by Daryl Farmer

I thought running could save me.
      Prints—moose, lynx, fox—set in mud by the stream.     
I thought dreams revealed history.
      Poems should not be written of ravens.
I thought whiskey was my savior.
      A pica bone found in an abandoned eagle’s nest.
I thought love was about memory.
      The bus stops for tourists to photograph bear scat on the road.
I thought winter was a mystery.
      Her boots stood empty against the cabin wall.


Daryl Farmer’s first book, Bicycling beyond the Divide, received a
Barnes and Noble Discover Award.  His recent work has appeared
The Whitefish Review, Hayden’s Ferry Review, and Gingerbread
.  A collection of stories, We All Fall Down, will be published
in 2016.  Farmer is an assistant professor at the University of Alaska
Fairbanks, where he teaches creative writing and literature.

On “A Denali Narrative”:
The idea for this poem came from a “call and response” exercise
given by the poet Jeanne Clark at the Fairbanks Summer Arts
Festival in Fairbanks, Alaska.  A week after that festival, I was
part of a group of artists invited to spend time together in Denali
National Park developing an art project around the idea of trophic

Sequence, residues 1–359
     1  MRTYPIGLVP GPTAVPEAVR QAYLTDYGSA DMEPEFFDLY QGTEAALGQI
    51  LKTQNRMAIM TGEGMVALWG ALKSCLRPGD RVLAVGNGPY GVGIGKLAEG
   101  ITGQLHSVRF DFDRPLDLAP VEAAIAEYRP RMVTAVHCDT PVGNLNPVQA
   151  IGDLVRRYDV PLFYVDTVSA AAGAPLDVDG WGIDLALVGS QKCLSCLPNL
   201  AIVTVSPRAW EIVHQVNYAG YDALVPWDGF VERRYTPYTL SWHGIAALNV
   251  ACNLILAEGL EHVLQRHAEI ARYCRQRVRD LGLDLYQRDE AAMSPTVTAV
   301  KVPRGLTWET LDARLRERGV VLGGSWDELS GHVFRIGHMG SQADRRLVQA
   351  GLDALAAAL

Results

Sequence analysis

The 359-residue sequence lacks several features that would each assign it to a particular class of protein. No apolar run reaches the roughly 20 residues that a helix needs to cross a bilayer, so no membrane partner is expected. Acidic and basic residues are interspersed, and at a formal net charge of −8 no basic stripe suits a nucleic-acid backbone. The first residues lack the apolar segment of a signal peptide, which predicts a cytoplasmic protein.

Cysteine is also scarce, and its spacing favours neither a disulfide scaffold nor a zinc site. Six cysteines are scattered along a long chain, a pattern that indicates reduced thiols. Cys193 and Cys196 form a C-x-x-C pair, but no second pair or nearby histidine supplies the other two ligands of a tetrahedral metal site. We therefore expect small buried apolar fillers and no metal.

cascades.  As we spent the week together, we passed around an
“Exquisite Corpse” sketch book, taking turns responding through
our own medium to each other’s work.  The image I was given was
a sketch of a single pair of empty hiking boots.  Denali is a vast
wilderness, with both mountains and wide open space.  The
combination of exterior beauty and reflection-inducing solitude the
park inspires seemed the perfect space for Jeanne’s exercise.  The
poem seeks to balance interior abstractions with single images
where resonance rather than logic is the connective tissue.  More
information about the Trophic Cascades project can be found

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Apple Valley Review:
A Journal of Contemporary

ISSN 1931-3888

Volume 10, Number 1
(Spring 2015)

Copyright © 2015
by Leah Browning, Editor.  

All future rights to material
published in the
Valley Review
are retained
by the individual authors
and artists.